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Illuminating One of the Newest, Growing Trends in Auto Safety

Always-on headlights, required in several countries, help make approaching cars more conspicuous, expert says.

May 23, 1997|DAVID COLKER | TIMES STAFF WRITER

If you see a car coming toward you with its headlights on in the middle of the day, it may not be driver error. You may be looking at one of the newest trends in auto safety--daytime running lights, or as they are known in the auto industry, DRLs.

The always-on headlights are standard equipment on all 1997 General Motors cars made for the U.S. market, as well as on Volvos and Saabs. Other car companies are keeping an eye on how well the DRL-equipped cars sell and on whether or not it can be proved that they reduce accidents in this country.

At least one major trade organization, the Insurance Institute for Highway Safety, is already convinced.

"In other countries, where the lights are mandatory, studies have shown that daytime, multiple car collisions are reduced by about 10%," said Allan Williams, senior vice president for research at the Washington-based institute.

"They simply make an approaching vehicle more conspicuous," Williams said.

The trend began in Finland in 1972 when that country mandated that all headlights be on at all times during the dark, northern winter on rural roads. A decade later the law was expanded to apply year-round and in all areas.

Several other countries joined in. Now, headlights must be on at all times, with few exceptions, in Canada, Denmark, Hungary, Iceland, Norway and Sweden.

If a car is DRL-equipped, the driver doesn't have to worry about turning on these lights; they come on automatically with the ignition. Depending on the car model, the DRLs might simply be the regular headlights, or they might be separate lights that are a bit less bright.

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Daytime lights have never been mandatory for cars in the United States, but this country does have experience with the concept. Twenty-two states, including California, require that motorcycle headlights be turned on at all times.

Critics of DRLs have said they might be useful in northern countries, but not in the USA, where the natural light tends to be stronger. Also, some have complained that DRLs might cause glare in the eyes of oncoming drivers.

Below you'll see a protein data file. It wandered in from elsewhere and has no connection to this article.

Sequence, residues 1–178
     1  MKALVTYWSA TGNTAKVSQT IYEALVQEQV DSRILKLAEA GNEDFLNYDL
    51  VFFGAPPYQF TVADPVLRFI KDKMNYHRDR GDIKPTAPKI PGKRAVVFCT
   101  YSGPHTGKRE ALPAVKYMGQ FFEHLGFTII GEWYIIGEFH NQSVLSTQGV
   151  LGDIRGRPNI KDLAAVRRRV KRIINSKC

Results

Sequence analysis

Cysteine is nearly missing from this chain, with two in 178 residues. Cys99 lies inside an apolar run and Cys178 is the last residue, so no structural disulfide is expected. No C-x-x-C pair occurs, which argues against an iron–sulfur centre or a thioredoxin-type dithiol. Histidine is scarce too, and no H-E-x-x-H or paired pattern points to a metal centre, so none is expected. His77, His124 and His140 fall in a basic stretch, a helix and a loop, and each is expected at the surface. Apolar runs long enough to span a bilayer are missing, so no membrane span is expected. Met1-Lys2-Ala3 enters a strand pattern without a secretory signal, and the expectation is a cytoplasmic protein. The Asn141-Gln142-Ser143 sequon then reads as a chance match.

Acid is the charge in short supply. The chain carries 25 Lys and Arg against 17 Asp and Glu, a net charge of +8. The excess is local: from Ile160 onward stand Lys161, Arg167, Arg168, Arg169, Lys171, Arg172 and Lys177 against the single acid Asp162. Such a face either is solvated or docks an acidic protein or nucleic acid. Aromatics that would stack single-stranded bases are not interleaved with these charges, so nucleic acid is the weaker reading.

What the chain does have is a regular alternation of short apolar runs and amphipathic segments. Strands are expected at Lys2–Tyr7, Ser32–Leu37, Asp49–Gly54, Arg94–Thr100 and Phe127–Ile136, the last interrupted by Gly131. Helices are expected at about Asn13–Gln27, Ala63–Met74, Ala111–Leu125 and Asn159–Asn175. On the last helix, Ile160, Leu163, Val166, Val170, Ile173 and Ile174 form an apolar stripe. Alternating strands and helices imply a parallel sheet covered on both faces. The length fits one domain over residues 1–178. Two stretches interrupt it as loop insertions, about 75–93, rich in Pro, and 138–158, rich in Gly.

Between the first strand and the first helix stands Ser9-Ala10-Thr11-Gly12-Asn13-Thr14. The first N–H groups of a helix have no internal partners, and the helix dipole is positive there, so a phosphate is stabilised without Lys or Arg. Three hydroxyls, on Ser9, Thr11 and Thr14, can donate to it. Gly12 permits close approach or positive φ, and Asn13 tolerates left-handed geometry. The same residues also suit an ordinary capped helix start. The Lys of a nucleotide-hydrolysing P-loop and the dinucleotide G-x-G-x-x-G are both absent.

But in 1995, General Motors decided to go ahead and test DRLs. The company made them standard on two Chevrolet models--the Beretta and Corsica--two compact truck models and the Geo Metro.

Volvo, Saab and some models of Volkswagens went to DRLs that same year.

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"It had been proven in other counties to be an effective and low-cost way to help avoid accidents," said Gerald Holmes, a GM spokesman. "We figured that the time would come that the government would mandate them, and we would rather be proactive on this."

Holmes admitted that auto companies often do not add safety features until required by law to do so. But anticipating a government mandate could save money.

"This way, we could gradually introduce them into our vehicles, instead of all at once," he said.

In 1996 GM expanded the program to several more models and then made it the companywide standard for its 1997 cars.

The insurance institute says the additional power needed for DRLs is slight--only about $3 in gas costs per year. Bulbs do burn out more often, however.

As for glare, the institute said it has never shown it to be a problem, and Holmes said he is unaware of GM receiving any negative comments in that regard.

"Just about the only complaints I have heard is that some customers have said it infringes on their right to choose," Holmes said. "We say that this improves safety, and most people approve of that.

"They can always take it to their dealer and get it [disconnected] if they want, but we feel the benefits outweigh any distractions."

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